“We’ll get through this, Director.”

  “Will we? Well, just remember this, in my agency sacrifice starts from the bottom and works up. Don’t ever lose sight of that, Jarv. Don’t ever.” Donnelly gave the other man a prolonged stare and then looked away. “Money is as tight as I’ve ever seen it. And if we don’t keep paying the sons of bitches, we’re going to have a suitcase nuke go off somewhere where we don’t want it to. The ends do justify the means. When I was in Congress I would’ve launched an investigation of any agency head who uttered those words. Now that I’m in the hot seat I can definitely relate.”

  “The money will continue. The stakes are too high.”

  “What’s being done with Reiger’s and Hope’s families?”

  “As far as they’re concerned the two died while serving their country. They’ll be taken care of financially, of course.”

  “I was deeply disappointed it came to this.”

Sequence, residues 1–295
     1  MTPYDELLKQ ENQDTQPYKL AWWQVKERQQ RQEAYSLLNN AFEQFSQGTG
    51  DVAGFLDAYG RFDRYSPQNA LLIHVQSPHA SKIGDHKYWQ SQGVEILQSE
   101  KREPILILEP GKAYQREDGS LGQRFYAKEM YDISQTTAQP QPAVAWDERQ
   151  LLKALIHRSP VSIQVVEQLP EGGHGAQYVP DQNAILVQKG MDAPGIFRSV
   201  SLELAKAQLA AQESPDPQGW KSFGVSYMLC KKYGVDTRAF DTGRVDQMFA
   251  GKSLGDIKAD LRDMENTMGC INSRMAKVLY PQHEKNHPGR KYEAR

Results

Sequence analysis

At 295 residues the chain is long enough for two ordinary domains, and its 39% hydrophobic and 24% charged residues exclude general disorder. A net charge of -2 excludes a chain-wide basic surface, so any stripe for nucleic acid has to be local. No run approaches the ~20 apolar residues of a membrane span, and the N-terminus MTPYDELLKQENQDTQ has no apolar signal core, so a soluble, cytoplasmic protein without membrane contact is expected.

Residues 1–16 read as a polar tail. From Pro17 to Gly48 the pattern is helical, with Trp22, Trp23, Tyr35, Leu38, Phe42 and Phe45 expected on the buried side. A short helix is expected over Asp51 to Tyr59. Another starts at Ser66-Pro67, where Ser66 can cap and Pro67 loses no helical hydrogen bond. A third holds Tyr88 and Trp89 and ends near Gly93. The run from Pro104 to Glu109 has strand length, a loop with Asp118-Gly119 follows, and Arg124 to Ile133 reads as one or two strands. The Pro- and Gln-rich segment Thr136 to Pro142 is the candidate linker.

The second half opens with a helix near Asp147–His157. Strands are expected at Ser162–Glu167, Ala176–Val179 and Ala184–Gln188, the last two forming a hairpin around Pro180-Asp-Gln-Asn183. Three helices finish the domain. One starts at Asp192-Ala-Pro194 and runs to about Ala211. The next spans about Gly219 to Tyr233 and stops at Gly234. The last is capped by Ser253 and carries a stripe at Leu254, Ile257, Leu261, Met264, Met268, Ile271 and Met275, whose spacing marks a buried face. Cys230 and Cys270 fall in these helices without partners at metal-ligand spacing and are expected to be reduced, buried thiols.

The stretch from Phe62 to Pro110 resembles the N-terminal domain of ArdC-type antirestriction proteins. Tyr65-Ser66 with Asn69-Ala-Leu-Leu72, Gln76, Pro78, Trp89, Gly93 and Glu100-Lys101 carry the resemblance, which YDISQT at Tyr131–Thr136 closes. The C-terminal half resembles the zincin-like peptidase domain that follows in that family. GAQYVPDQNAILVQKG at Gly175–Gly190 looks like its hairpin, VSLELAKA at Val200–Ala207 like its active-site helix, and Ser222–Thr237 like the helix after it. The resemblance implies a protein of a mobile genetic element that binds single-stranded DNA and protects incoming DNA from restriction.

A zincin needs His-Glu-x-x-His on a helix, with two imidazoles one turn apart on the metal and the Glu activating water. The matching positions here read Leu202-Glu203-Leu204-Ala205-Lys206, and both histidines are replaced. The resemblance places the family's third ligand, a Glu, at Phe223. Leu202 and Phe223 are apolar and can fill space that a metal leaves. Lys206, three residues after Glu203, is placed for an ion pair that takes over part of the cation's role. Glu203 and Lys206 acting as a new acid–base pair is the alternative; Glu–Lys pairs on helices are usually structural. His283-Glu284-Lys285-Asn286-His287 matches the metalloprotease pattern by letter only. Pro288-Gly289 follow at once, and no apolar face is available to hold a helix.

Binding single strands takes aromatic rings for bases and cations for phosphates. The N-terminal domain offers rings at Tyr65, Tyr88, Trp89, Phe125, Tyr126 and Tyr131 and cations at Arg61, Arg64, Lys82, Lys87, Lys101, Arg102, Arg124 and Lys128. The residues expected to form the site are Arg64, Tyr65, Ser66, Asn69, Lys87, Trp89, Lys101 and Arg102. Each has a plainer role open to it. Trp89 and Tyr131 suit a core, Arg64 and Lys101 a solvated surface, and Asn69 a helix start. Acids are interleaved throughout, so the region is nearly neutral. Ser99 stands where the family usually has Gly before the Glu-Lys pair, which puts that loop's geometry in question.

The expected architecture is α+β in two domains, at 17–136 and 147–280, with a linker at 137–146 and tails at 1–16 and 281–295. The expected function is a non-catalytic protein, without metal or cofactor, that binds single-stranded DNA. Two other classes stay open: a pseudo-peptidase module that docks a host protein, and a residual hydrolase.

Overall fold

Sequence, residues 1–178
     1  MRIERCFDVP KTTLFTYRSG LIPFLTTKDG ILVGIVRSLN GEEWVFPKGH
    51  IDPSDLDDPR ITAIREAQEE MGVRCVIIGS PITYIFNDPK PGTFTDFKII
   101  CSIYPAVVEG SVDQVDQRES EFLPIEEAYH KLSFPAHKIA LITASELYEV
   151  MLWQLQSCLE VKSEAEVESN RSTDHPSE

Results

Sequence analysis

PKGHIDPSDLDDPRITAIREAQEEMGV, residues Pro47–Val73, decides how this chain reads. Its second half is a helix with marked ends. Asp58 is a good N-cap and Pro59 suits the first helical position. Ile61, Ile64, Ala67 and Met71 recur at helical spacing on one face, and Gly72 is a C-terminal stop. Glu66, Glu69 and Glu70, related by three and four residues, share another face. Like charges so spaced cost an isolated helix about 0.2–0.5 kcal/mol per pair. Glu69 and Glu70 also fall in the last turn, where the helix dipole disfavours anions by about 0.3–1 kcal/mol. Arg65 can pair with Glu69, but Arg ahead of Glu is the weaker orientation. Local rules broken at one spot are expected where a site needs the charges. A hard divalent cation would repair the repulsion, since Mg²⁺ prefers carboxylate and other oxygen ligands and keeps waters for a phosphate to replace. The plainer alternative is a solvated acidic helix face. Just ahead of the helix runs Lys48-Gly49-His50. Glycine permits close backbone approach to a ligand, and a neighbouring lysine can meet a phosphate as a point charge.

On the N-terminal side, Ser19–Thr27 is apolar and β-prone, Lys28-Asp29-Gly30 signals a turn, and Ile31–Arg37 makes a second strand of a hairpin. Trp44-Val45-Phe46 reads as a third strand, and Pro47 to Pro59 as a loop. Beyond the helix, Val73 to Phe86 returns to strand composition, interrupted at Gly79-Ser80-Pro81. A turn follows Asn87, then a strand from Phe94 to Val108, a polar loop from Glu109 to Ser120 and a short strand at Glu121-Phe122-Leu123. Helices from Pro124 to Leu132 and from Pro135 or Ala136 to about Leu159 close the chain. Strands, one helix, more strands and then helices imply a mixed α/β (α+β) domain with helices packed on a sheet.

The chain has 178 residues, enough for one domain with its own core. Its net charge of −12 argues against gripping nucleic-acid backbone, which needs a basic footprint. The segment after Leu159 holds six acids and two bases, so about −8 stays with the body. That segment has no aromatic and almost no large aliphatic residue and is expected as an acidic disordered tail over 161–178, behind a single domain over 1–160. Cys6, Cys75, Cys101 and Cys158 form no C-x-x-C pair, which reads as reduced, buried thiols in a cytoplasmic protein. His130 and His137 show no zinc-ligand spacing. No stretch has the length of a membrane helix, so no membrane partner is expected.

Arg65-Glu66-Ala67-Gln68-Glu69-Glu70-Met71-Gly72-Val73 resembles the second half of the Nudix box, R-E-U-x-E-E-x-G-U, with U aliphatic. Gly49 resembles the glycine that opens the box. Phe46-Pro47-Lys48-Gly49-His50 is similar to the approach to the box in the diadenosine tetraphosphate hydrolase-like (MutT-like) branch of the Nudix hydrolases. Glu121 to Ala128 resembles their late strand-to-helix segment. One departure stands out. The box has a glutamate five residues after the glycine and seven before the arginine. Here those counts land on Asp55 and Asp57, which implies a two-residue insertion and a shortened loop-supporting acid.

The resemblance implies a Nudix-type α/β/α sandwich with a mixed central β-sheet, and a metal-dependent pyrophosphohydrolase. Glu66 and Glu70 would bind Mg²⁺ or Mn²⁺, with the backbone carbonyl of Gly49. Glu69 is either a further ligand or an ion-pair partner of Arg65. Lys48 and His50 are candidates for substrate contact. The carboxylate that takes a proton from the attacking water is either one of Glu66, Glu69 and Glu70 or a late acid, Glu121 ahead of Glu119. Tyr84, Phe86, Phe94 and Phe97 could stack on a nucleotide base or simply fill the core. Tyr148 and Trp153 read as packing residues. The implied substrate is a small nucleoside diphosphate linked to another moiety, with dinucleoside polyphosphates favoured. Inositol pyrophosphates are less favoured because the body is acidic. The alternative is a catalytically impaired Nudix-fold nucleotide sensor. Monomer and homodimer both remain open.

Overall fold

“As was I.”

  “You’ve got to have the stomach for this sort of thing. We had to deal with this shit in ’Nam. We worked with whoever we had to, to get the damn job done.”

  “The younger generation just doesn’t seem to get it.”

  “But Mary Bard is a hell of an asset to have.”

  “Quite accommodating of our Russian friends.”

  “Even Moscow is scared of the terrorism beast. They’ve got money now, and an economy worth protecting. They know they’re a target. So I snagged her from the FBI as soon as I heard she was in town. I’ve worked with her before actually. Steve Lanier, the AD, was not pleased, I can tell you that.”

  “I’m sure. I’m looking forward to deploying her again.”